Prior to taking on the Welsh late in the day the quartet of Todd Priaulx, Rose Ogier, Lucy Beere and Le Ber had upset the English apple cart and then, to put an even bigger smile on their faces, knocked a large hole in Jersey’s prospects by defeating the Caesareans 9-6, 14-2.
The first big test of a testing day for the Sarnians came in the form of the English, comprising 2014 English men’s singles title winner Andrew Walters, senior international and 2018 England indoor singles winner Devon Cooper, Commonwealth medallist Katherine Rednall and experienced international Tristan Morton.
As the minutes ticked away to the 9.30 start a modicum of relief came with the sight of a few glimpses of blue sky, tucked among the fast moving dark grey clouds moving over the green and the Beau Sejour Centre heading towards Jersey.
While others wrapped up against the lingering damp Guernsey lead Todd Priaulx braved a pair of shorts and Guernsey polo shirt, a fashion matched by the England skip Tristan Morton, one of the two male left-handers in the side.
From the off Priaulx’s distinctive sky blue bowls gave Guernsey a three-shot advantage before the skips got their first slice of action, and by the opening end’s conclusion of the two of them remained in position to give Guernsey an encouraging start.
Guernsey again staggered their men and ladies, while England opted to put their two young women ahead of the lefties and Rednall, operating with her own sky blues, threatened to take the second end spoils until Le Ber took the jack into the ditch and then drew to the edge of the drop to secure another single to add to the total.
The English wouldn’t be denied for long.
On the third they capitalised on a good start to pick up a double and a weak, watery sun was poking its way through during a surprisingly ordinary fourth end where Priaulx’s scoring bowl 2ft from the jack held shot throughout and was added to by another two Guernsey scoring bowls.
A 6-2 lead with four ends down was nothing to be sniffed at, nor the clearing skies after the miserable weather of Sunday and Monday.
Le Ber’s superb penultimate delivery in the next forced Morton into desperate measures, but the English skip’s firing shot worked and took out Le Ber’s bowl.
Guernsey still held one although and Morton’s repeat effort failed.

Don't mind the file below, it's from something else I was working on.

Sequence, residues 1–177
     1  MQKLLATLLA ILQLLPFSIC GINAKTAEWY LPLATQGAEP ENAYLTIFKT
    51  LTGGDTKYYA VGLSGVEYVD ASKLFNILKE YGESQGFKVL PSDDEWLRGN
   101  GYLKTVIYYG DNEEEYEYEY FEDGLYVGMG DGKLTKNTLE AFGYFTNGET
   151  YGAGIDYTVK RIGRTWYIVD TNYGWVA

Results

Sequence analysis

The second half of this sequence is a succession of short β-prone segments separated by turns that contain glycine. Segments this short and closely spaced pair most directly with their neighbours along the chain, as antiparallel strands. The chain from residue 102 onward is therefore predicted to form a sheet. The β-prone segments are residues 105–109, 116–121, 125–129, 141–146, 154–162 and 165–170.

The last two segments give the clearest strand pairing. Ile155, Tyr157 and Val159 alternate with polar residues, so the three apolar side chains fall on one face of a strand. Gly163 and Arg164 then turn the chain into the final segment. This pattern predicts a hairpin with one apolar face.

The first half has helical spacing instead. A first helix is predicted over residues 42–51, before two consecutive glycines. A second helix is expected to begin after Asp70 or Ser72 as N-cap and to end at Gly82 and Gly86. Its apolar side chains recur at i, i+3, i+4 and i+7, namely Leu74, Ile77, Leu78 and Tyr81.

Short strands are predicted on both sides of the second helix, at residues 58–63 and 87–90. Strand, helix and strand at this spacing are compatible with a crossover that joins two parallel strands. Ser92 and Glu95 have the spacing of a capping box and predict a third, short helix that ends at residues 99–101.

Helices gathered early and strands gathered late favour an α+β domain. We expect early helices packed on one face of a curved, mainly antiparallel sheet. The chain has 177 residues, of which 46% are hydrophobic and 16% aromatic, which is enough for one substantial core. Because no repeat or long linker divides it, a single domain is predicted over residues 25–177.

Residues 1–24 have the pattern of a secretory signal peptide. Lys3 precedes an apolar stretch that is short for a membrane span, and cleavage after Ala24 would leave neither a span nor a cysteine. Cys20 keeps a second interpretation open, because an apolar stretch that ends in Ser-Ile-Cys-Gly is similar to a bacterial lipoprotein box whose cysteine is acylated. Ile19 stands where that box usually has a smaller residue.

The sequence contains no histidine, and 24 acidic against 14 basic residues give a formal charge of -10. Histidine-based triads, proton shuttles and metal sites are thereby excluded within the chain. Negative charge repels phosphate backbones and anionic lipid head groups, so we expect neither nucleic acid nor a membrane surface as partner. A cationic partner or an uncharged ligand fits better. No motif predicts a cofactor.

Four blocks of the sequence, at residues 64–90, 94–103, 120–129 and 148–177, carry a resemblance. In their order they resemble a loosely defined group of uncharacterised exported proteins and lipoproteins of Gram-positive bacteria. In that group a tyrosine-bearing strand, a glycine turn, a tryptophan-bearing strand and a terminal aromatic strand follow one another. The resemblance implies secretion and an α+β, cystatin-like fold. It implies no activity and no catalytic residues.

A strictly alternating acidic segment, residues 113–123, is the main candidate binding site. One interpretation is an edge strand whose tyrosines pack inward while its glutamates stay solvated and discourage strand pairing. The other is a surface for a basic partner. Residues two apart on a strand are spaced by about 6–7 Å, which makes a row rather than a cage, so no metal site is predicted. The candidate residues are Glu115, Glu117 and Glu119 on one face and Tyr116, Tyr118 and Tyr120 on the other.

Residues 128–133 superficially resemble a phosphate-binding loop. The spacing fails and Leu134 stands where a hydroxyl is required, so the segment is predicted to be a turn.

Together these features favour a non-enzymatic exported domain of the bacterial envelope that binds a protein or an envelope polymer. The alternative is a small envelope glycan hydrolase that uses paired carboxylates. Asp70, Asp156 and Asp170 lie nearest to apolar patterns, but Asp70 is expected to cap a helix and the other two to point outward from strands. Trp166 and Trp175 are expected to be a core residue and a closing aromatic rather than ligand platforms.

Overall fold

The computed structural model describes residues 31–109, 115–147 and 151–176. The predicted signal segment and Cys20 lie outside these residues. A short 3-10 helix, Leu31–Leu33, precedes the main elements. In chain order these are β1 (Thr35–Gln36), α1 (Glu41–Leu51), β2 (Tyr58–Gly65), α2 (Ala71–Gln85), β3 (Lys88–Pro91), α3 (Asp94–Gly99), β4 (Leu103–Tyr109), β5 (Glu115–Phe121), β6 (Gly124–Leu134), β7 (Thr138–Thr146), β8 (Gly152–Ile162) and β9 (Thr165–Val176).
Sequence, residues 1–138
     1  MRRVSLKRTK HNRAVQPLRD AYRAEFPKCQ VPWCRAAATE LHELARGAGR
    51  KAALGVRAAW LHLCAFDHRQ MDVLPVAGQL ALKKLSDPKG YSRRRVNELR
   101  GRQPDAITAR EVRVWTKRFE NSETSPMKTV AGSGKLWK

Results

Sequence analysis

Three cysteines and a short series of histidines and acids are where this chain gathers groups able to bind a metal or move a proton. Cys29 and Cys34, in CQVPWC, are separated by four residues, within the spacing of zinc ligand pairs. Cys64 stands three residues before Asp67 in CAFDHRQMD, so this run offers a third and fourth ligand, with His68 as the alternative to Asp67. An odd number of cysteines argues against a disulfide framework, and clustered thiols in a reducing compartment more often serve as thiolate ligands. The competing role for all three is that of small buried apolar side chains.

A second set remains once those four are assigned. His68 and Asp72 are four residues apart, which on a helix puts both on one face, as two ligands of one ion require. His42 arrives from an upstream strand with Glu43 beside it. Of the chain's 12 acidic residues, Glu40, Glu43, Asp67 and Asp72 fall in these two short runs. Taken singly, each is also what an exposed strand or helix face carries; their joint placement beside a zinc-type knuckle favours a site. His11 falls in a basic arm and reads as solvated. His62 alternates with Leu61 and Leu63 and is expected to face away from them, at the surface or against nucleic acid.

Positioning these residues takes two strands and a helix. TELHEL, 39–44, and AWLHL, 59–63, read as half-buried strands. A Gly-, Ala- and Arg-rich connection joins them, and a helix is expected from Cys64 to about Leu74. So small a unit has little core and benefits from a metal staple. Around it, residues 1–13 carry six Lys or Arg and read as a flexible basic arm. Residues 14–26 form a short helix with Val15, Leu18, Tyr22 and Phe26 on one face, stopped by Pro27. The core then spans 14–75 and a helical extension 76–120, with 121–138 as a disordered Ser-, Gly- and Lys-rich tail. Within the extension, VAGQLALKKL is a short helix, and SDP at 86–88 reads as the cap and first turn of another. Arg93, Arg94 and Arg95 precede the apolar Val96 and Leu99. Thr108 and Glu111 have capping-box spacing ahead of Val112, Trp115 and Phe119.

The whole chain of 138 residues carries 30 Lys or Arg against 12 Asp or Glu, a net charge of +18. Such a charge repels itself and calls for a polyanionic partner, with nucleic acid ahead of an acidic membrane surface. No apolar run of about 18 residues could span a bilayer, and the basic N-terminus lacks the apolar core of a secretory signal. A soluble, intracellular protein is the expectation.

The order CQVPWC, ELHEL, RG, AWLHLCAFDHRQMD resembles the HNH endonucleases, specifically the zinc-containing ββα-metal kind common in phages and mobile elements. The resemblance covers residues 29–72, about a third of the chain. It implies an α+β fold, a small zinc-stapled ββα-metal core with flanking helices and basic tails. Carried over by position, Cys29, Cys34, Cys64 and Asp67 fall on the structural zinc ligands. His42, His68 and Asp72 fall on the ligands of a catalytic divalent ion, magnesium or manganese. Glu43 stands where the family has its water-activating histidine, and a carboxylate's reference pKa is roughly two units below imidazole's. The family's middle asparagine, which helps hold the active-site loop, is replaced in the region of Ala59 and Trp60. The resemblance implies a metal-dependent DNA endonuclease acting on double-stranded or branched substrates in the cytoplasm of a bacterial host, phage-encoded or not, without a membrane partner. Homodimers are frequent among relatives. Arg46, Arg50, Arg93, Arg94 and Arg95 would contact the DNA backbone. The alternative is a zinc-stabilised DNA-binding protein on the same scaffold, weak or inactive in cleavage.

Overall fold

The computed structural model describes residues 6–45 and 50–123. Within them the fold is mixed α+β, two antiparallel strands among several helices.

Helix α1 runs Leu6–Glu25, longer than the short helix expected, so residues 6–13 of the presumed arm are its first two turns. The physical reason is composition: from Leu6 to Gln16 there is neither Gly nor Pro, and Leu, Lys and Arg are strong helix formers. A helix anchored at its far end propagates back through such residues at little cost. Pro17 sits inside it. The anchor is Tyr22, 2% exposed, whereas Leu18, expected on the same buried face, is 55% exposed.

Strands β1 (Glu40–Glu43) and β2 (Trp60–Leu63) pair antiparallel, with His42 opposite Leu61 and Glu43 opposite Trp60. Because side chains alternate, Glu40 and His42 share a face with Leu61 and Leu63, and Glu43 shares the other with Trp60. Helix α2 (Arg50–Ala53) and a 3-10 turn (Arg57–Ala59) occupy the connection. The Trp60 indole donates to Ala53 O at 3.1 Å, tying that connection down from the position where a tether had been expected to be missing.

Guernsey dropped a double on the next to go into the last end of the set 7-4 up, still a commanding position but not a done deal by any measure.
That final end concluded with the umpire called to measure what England hoped would be a set-drawing three, but to Guernsey’s relief it was only two and they were home 7-6.
The umpire was back out with his tape at the start of the second set and, again, it was good news for the home team, confirming a three when two had initially been put up on the board.
A double on the next added to Guernsey’s joy and England’s desperation, which as he shouted his instructions Morton did well to hide.
A draw would have been the least he had hoped for from a big ‘moving day’ in the overall fours medal chase, but his key intervention in the next yielded a three for his team. They were back, or were they?
England shortened the jack considerably for the fourth end but Ogier put her team in early control as she made contact with the jack for shot.
Morton returned with his heavy artillery to try and salvage the situation, but twice missed his intended target and Guernsey had another important point on the board: 6-3.
Priaulx heaped more pressure on the English with a very close bowl early in the fifth end and Guernsey were holding four as Morton arrived with two bowls to save the situation.
He took out one with his first bowl but clattered into short bowls of his teammates with his last bowl and after a measure Guernsey had another four on the board.
They were all but home and dry and while England picked up a pair of singles Guernsey had triumphed magnificently 10-5.
Four more match points set Guernsey up for their second big test of the day, against Greg Davis’s Jersey quartet.
On an adjacent rink in the morning Jersey had been locked in their own intriguing battle against Wales, which saw the two sides enter the last end of the opening set level at 6-6.
Welsh skip Daniel Davies fired in an attempt to save the desperate situation in that concluding end and although he made good contact one Jersey bowl remained stuck to the jack and the Caesareans had two important match points on the board.
The second set was also tight, but Wales sneaked home 8-3 to put a small dent in Jersey’s overall hopes.